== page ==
Easygoing, sweet, kind, and loyal, the American Foxhound dog breed belongs to a way of life that has continued for more than two centuries, but he has the potential to be a modern-day companion as well. His stamina and love of running make him a great jogging partner for athletic owners, and his mild nature makes him an excellent family dog, so long as he gets the exercise he craves.
When you see foxhunters in movies or on television — or out in the field if you live in hunt country — packs of American Foxhounds are leading the chase. Or perhaps you were introduced to the breed through Rita Mae Brown’s Mrs. Murphy mystery series, set in Virginia hunt country with a number of American Foxhounds as key characters.
This rare breed still lives and works the way its ancestors did when they came to this country more than 200 years ago. Bred to hunt in large packs, American Foxhounds were developed from hounds brought by English settlers, who adapted them to suit the game and terrain of their new land.
American Foxhounds like the company of other dogs but can be a single companion dog if you’re committed to giving them the exercise they’d normally get running around with their canine friends, and to spending the time to help them bond with their human family. Despite their size, they’re mild-mannered unless they’re in pursuit of their quarry. Then they become relentless in the hunt.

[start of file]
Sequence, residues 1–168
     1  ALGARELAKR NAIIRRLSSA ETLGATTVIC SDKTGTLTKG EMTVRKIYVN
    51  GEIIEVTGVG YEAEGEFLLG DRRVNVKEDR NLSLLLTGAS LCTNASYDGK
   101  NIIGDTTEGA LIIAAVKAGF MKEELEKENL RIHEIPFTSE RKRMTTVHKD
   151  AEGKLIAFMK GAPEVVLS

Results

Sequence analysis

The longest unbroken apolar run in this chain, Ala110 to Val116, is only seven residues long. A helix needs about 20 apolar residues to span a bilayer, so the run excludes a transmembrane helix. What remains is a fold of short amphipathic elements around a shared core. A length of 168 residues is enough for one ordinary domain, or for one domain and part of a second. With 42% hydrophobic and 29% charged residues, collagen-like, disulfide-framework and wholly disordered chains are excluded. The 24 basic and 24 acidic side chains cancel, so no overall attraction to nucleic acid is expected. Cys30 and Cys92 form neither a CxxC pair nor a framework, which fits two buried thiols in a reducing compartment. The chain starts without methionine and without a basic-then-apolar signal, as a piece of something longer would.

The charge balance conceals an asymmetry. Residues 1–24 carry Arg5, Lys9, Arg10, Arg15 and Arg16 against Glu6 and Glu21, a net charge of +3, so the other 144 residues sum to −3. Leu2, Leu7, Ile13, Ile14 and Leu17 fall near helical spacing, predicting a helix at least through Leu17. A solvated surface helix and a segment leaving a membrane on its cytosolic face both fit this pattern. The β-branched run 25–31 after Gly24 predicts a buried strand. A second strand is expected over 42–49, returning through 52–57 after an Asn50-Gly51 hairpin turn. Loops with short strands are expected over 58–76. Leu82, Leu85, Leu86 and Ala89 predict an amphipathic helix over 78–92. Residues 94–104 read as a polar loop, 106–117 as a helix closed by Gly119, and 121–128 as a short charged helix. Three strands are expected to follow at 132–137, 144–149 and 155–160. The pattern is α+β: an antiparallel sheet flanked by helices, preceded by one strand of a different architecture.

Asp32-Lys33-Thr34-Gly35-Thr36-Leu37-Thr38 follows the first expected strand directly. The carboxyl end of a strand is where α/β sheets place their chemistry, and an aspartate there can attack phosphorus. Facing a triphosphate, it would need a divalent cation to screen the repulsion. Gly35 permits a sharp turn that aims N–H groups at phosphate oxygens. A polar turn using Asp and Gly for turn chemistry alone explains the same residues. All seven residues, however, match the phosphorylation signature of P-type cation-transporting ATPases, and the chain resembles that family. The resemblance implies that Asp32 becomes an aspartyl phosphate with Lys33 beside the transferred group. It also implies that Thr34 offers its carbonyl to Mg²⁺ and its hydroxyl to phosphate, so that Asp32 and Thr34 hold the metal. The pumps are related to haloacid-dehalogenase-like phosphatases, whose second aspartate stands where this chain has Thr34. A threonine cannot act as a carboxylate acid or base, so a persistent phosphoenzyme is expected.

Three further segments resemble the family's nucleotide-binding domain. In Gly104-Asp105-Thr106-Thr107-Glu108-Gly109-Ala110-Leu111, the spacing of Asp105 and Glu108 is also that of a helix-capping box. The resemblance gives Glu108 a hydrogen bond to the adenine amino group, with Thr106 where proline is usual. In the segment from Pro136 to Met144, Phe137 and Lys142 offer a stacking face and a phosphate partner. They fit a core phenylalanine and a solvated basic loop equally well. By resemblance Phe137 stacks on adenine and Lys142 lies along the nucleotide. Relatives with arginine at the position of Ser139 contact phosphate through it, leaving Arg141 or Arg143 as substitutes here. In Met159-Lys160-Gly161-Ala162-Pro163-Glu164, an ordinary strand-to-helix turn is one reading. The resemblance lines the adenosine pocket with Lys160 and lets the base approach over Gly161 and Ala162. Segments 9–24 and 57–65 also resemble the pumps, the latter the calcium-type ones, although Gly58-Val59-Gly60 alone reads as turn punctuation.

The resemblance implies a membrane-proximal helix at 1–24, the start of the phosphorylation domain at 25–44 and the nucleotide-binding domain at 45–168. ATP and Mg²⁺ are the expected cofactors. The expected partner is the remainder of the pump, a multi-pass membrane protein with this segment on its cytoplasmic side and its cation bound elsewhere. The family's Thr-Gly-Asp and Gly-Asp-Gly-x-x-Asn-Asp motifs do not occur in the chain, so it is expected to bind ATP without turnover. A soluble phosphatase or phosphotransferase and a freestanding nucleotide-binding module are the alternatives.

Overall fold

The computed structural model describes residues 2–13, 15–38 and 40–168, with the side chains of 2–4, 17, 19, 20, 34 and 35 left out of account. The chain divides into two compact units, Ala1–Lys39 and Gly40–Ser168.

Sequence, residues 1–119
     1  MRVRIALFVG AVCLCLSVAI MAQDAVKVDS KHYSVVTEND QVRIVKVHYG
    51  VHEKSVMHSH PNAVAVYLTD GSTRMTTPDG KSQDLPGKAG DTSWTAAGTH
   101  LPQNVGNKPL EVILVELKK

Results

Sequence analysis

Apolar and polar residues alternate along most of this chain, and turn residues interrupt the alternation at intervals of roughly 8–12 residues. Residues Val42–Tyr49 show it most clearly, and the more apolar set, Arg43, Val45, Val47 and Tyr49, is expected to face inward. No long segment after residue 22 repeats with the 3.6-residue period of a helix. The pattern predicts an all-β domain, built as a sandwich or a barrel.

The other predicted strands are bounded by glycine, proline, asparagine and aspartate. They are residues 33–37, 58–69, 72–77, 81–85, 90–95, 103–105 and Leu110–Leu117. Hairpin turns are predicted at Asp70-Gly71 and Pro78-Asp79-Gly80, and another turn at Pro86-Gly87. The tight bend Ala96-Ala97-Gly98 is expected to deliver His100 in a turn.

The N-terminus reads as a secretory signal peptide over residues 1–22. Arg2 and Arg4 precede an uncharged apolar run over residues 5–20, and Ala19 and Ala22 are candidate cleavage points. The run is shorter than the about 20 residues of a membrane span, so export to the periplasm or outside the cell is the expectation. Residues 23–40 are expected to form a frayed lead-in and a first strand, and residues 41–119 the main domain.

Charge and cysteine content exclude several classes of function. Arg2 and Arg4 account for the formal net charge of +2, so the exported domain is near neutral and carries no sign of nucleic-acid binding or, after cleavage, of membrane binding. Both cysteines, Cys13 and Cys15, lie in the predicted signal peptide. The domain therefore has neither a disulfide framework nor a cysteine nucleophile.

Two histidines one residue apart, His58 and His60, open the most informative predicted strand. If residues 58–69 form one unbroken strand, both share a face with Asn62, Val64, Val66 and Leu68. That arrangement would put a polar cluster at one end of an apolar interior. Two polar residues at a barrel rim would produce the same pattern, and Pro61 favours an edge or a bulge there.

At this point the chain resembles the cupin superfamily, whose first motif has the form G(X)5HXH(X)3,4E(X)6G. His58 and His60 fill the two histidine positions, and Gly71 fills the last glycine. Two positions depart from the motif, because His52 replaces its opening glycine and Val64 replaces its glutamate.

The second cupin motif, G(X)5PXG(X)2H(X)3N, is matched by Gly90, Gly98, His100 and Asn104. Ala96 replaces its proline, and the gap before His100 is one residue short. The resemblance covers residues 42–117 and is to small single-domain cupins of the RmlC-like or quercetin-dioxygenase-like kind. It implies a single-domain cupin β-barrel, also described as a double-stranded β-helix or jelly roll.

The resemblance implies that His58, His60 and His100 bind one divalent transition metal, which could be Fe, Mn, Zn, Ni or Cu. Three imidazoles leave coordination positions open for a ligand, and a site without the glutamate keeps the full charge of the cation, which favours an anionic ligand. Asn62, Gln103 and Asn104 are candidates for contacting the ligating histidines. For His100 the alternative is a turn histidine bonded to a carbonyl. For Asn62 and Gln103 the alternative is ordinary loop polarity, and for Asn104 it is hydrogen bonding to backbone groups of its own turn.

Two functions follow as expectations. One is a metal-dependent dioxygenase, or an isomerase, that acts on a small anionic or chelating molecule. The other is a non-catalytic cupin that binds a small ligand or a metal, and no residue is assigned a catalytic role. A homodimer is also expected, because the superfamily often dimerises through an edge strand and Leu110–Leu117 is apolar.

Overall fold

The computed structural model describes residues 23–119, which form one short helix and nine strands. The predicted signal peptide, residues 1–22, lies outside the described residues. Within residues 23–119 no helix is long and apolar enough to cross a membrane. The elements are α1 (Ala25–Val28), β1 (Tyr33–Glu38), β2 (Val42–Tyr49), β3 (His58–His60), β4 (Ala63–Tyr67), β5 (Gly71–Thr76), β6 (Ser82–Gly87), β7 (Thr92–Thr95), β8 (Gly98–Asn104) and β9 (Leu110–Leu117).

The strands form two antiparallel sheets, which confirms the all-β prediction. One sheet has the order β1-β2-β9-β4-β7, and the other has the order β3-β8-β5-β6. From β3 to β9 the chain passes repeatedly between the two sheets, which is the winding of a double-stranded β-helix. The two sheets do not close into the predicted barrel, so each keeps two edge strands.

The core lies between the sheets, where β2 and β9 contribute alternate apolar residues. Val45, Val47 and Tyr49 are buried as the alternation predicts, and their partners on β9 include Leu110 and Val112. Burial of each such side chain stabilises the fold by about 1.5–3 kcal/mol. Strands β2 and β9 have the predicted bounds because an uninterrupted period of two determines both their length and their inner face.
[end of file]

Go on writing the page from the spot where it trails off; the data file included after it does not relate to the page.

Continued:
Like all hounds, the Foxhound is musical. Hounds are described as having bell-like voices, and their baying can carry for miles. It’s best not to bring one home unless you’re sure your neighbors will appreciate the concert or live far enough away that they won’t be disturbed.
The Foxhound is famed for his musical voice and his bays and howls can carry for miles; city living is not recommended for this breed.
Foxhounds are easily distracted by various scents. Once he has decided to follow one, you’ll have a difficult time calling him off.
Foxhounds aren’t homebodies and will roam if given the chance.
Foxhounds are extremely active and need one to two hours a day of exercise. Take them on long, meandering walks with lots of sniffing time or take them on a run with you.
Foxhounds aren’t suited to living in cramped quarters; they need a large yard or, better yet, an acre or two.
Foxhounds love to eat and easily gain weight if their food intake isn’t strictly controlled.
Foxhounds can be stubborn and independent, making training a challenge. Obedience training is important, however, to develop a better relationship with your dog and establish your position as leader of the pack.
Foxhounds are gentle and tolerant and love children. They enjoy the company of other dogs and can learn to get along with cats if introduced to them at an early age.
While they’re mainly sweet and easygoing, American Foxhounds have the independent and stubborn nature that’s common to hounds. They’ve been bred to hunt with very little direction from their human companions, and they don’t necessarily see why they should have to do things your way.
Foxhounds who’ve been raised in the company of other dogs, rather than with a human family, can be challenging because they’ve bonded more with their pack than with people. They’ll need more time, attention, and training to help them get used to life as a family dog.
Like every dog, Foxhounds need early socialization — exposure to many different people, dogs, sights, sounds, and experiences — when they’re young. Socialization helps a Foxhound puppy grow up to be a friendly, well-rounded dog.